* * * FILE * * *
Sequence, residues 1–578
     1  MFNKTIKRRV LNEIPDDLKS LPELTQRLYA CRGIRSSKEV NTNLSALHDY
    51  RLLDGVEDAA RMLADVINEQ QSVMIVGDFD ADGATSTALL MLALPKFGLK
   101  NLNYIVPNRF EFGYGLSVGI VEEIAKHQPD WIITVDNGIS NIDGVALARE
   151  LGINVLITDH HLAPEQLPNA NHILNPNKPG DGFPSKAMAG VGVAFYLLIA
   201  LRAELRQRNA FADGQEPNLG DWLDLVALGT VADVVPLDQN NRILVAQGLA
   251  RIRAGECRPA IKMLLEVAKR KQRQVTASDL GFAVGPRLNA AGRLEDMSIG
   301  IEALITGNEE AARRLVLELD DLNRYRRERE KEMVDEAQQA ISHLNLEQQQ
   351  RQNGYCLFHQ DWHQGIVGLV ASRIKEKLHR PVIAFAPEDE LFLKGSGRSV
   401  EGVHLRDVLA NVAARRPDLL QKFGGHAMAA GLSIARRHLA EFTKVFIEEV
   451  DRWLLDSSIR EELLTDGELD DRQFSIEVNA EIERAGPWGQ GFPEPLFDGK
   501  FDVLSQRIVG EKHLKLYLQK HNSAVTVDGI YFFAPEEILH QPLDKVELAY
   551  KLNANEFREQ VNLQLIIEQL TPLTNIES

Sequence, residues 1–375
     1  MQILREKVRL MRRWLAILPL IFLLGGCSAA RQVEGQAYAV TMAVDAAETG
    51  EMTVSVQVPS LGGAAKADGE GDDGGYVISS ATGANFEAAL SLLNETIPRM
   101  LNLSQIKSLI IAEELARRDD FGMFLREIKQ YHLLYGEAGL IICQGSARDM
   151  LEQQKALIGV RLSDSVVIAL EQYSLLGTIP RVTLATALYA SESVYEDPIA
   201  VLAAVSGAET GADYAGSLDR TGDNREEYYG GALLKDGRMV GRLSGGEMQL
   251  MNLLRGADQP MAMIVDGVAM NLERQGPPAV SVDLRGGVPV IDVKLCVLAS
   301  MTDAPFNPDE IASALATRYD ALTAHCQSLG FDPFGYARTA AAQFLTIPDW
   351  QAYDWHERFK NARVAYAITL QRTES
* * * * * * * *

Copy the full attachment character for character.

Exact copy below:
Sequence, residues 1–578
     1  MFNKTIKRRV LNEIPDDLKS LPELTQRLYA CRGIRSSKEV NTNLSALHDY
    51  RLLDGVEDAA RMLADVINEQ QSVMIVGDFD ADGATSTALL MLALPKFGLK
   101  NLNYIVPNRF EFGYGLSVGI VEEIAKHQPD WIITVDNGIS NIDGVALARE
   151  LGINVLITDH HLAPEQLPNA NHILNPNKPG DGFPSKAMAG VGVAFYLLIA
   201  LRAELRQRNA FADGQEPNLG DWLDLVALGT VADVVPLDQN NRILVAQGLA
   251  RIRAGECRPA IKMLLEVAKR KQRQVTASDL GFAVGPRLNA AGRLEDMSIG
   301  IEALITGNEE AARRLVLELD DLNRYRRERE KEMVDEAQQA ISHLNLEQQQ
   351  RQNGYCLFHQ DWHQGIVGLV ASRIKEKLHR PVIAFAPEDE LFLKGSGRSV
   401  EGVHLRDVLA NVAARRPDLL QKFGGHAMAA GLSIARRHLA EFTKVFIEEV
   451  DRWLLDSSIR EELLTDGELD DRQFSIEVNA EIERAGPWGQ GFPEPLFDGK
   501  FDVLSQRIVG EKHLKLYLQK HNSAVTVDGI YFFAPEEILH QPLDKVELAY
   551  KLNANEFREQ VNLQLIIEQL TPLTNIES

Sequence, residues 1–375
     1  MQILREKVRL MRRWLAILPL IFLLGGCSAA RQVEGQAYAV TMAVDAAETG
    51  EMTVSVQVPS LGGAAKADGE GDDGGYVISS ATGANFEAAL SLLNETIPRM
   101  LNLSQIKSLI IAEELARRDD FGMFLREIKQ YHLLYGEAGL IICQGSARDM
   151  LEQQKALIGV RLSDSVVIAL EQYSLLGTIP RVTLATALYA SESVYEDPIA
   201  VLAAVSGAET GADYAGSLDR TGDNREEYYG GALLKDGRMV GRLSGGEMQL
   251  MNLLRGADQP MAMIVDGVAM NLERQGPPAV SVDLRGGVPV IDVKLCVLAS
   301  MTDAPFNPDE IASALATRYD ALTAHCQSLG FDPFGYARTA AAQFLTIPDW
   351  QAYDWHERFK NARVAYAITL QRTES